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On a January morning every four years, hustling street vendors and hectoring protesters converge on the District’s downtown streets. Over the next few hours, they collaborate in packing the Pennsylvania Avenue corridor with every bit of cheesy inaugural merchandise and mass-produced protest art that their partisan targets could possibly drop a 10-spot on. This year, operating on the theory that art is politics and politics is art, the Washington City Paper snatched up just about everything these spectacle-makers were pushing, from buttons to postcards to T-shirts. For an expert opinion, we consulted Paul Von Blum, a UCLA professor and the author of The Critical Vision: A History of Social and Political Art in the U.S., who suggested that only a tiny percentage of political graphics from this year’s inaugural celebrations and protests will be evaluated by future scholars in the field. So we evaluate them here before they’re forgotten, rating their aesthetic and political effectiveness on a scale of zero to four American flags:
Even though übermasculine Bush graphics were the hot items of this past Inauguration Day, we still managed to find a souvenir salesman who was hawking a little something for the ladies: this pin honoring the past 24 years of women in the White House—minus Hillary, of course. By featuring dignified headshots of Nancy, Barbara, and Laura backdropped by the American flag, the pin’s designers were clearly shooting for feminine regality—a tone this tableau would’ve nailed had it not been for the slogan’s throaty italics: “America’s First Class First Ladies.” Verbal leering aside, though, “No one will see Nancy Reagan and Barbara Bush and Laura Bush on a pin and become a Republican,” according to Von Blum. But even if you can’t convert anybody, you can at least wear this and cast a quiet vote for free trade: It was, naturally, “assembled in Mexico.” Because the democratic process could really use more unbridled eroticism, we give… [2 1/2 flags].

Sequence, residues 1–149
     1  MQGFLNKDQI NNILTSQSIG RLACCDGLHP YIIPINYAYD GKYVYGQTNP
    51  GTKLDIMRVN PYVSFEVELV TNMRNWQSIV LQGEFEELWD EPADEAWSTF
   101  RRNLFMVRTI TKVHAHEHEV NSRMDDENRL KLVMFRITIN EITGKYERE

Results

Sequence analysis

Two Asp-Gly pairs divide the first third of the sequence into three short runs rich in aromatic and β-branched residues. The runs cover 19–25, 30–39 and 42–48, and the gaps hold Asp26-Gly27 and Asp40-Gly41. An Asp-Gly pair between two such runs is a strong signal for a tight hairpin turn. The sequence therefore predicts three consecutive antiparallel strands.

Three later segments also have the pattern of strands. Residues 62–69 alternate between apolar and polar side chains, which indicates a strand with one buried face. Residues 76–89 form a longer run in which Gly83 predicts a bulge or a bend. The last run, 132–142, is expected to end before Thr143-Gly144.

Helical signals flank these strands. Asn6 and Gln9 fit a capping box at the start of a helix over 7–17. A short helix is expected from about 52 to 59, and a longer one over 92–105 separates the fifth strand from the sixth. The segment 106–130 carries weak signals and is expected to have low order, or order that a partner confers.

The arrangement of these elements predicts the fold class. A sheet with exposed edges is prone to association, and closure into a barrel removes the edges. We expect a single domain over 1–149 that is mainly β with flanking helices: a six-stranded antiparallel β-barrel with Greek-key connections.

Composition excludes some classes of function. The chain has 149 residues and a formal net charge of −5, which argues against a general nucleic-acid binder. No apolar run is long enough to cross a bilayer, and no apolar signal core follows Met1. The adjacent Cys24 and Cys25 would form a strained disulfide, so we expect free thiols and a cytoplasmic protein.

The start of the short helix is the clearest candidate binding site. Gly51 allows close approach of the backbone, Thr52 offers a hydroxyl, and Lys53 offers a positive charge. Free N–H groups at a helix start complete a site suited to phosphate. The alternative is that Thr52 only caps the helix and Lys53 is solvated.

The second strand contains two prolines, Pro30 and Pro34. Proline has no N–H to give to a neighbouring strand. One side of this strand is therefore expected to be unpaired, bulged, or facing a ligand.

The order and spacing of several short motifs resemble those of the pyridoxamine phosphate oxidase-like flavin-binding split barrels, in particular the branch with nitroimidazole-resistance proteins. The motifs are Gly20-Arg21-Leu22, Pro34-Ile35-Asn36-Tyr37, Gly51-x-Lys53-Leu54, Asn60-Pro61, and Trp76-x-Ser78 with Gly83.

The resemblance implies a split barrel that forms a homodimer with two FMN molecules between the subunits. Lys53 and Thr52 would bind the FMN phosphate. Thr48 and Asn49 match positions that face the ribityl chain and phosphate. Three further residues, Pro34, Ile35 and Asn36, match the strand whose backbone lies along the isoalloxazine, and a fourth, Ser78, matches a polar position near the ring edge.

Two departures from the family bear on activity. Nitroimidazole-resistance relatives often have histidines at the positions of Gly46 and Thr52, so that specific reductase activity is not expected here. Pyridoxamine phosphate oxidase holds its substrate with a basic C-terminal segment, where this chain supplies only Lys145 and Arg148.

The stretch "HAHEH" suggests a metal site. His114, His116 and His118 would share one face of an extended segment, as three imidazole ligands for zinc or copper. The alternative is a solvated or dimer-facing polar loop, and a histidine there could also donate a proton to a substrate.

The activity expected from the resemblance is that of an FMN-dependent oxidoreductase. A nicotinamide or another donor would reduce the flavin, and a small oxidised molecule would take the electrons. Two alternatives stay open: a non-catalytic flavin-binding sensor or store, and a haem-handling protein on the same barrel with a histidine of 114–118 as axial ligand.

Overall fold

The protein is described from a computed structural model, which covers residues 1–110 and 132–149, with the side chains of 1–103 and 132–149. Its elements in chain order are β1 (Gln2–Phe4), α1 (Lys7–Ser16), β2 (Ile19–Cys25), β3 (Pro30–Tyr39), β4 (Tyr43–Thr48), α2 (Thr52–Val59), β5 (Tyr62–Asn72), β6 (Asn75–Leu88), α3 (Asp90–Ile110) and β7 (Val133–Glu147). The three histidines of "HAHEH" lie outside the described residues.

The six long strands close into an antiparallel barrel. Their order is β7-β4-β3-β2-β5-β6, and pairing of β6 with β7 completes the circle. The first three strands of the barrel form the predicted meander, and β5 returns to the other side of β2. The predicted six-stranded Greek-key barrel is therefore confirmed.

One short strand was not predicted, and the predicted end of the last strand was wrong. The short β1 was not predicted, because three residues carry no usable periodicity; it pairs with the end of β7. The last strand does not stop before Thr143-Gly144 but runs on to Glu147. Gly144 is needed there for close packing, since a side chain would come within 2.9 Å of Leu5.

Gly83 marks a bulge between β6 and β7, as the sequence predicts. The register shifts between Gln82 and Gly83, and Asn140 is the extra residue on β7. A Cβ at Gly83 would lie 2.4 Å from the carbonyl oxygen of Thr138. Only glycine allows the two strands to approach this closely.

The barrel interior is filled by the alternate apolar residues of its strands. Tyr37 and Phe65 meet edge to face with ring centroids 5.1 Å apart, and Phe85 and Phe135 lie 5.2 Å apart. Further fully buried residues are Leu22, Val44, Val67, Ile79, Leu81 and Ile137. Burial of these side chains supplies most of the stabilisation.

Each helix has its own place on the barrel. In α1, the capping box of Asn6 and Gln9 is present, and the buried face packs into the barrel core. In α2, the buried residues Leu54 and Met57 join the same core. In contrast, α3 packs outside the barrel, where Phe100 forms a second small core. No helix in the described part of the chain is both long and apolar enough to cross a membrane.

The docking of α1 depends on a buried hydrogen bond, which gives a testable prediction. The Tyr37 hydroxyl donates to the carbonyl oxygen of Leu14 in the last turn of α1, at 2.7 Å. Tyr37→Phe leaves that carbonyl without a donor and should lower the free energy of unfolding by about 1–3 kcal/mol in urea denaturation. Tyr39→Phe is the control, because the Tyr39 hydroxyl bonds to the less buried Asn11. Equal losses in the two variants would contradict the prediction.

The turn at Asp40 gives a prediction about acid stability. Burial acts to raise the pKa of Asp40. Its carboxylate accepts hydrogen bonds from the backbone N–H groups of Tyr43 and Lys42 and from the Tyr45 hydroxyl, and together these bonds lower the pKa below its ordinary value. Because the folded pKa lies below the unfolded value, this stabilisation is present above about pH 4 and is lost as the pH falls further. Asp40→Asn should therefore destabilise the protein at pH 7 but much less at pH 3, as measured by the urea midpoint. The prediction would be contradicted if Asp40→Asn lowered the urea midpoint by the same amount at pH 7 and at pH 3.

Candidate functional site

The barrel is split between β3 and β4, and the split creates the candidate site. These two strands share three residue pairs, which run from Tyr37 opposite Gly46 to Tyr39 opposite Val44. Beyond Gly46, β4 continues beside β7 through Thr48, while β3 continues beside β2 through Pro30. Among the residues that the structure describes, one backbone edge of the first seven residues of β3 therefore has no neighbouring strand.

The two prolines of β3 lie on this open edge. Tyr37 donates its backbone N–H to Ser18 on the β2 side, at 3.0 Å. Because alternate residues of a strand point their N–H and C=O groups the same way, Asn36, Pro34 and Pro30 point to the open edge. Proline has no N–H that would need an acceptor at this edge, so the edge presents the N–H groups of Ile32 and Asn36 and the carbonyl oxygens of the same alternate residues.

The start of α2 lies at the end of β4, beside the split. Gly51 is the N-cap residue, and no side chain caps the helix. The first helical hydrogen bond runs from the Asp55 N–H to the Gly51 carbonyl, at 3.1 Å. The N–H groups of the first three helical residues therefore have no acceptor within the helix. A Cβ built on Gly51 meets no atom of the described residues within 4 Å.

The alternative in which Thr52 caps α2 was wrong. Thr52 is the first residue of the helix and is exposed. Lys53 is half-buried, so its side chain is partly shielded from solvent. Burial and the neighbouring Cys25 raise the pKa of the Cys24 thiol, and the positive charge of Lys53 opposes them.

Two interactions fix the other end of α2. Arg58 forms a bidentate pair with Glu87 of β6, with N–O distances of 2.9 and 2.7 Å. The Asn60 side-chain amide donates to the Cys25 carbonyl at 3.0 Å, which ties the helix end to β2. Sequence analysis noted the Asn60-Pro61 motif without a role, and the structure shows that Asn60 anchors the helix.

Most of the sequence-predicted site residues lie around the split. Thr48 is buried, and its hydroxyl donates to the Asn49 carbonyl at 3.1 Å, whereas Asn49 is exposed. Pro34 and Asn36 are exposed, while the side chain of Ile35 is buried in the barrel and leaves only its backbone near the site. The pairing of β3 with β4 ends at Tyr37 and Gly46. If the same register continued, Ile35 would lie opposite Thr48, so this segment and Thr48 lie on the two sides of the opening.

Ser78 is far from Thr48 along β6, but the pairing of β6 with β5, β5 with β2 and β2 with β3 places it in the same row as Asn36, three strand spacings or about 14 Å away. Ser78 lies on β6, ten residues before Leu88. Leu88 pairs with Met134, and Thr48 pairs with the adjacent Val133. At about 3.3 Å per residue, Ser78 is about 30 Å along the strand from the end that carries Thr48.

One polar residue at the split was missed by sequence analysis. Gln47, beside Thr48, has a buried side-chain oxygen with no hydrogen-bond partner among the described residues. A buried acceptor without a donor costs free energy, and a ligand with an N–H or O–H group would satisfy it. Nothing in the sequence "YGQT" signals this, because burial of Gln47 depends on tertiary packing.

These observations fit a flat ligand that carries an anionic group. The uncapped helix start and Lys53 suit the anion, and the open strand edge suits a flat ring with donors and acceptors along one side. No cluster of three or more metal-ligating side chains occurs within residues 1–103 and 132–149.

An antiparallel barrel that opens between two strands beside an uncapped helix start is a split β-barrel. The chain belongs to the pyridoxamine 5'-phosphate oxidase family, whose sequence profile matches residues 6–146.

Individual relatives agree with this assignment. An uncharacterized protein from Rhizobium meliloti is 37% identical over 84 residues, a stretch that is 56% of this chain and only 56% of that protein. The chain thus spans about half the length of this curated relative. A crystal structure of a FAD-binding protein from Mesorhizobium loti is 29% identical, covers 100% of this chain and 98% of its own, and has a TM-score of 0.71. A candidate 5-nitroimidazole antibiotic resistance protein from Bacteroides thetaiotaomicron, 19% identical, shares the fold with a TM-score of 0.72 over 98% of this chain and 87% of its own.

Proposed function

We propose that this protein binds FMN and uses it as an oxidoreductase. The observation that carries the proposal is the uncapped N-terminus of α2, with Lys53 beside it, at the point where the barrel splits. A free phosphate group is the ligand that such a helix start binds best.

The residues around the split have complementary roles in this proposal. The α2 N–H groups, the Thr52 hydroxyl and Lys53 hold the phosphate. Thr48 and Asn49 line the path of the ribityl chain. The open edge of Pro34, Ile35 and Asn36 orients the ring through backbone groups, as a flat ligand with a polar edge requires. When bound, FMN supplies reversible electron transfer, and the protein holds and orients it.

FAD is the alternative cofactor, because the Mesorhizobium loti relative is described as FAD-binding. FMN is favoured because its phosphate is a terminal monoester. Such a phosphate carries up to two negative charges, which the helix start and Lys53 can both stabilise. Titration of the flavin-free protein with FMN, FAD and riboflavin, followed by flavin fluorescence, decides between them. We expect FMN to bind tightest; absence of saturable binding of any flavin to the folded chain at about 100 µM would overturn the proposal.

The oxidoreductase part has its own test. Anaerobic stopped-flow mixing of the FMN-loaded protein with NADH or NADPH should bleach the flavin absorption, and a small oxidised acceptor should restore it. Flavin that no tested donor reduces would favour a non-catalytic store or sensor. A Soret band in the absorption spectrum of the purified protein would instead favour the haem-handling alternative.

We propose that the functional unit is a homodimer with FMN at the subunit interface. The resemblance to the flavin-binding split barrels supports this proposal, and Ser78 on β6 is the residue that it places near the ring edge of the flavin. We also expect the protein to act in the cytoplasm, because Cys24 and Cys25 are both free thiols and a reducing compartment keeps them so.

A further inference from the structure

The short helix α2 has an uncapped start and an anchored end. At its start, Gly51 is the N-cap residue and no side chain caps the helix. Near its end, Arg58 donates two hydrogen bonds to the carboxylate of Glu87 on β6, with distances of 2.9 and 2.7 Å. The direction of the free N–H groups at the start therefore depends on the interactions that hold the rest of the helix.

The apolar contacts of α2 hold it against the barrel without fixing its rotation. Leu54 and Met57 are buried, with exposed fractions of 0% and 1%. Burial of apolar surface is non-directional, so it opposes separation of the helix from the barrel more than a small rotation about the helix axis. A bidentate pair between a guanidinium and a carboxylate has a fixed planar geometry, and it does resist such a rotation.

Worst. President. Ever? Not according to this Portrait of Courage pin, in which the resolute visage of George W. Bush quietly falls in line after Abraham Lincoln’s in the Mount Rushmore all-star lineup. After all, why should we wait for future generations to canonize our commander-in-chief alongside the greatest of the greats? Come to think of it, why should we even wait through a second term? “It’s bizarre,” says Von Blum. “But that’s what [political artists] do….There’s an attempt to link Bush with a broader tradition.” The pin’s designers, however, can’t take full credit for the Rushmore ruse: It was the White House’s marketing team, during the president’s Aug. 15, 2002, speech at the national park, that first framed Bush’s profile alongside those of George Washington, Thomas Jefferson, Teddy Roosevelt, and Lincoln. After deducting a point for lack of originality, we give this example of wearable wish fulfillment… [2 flags].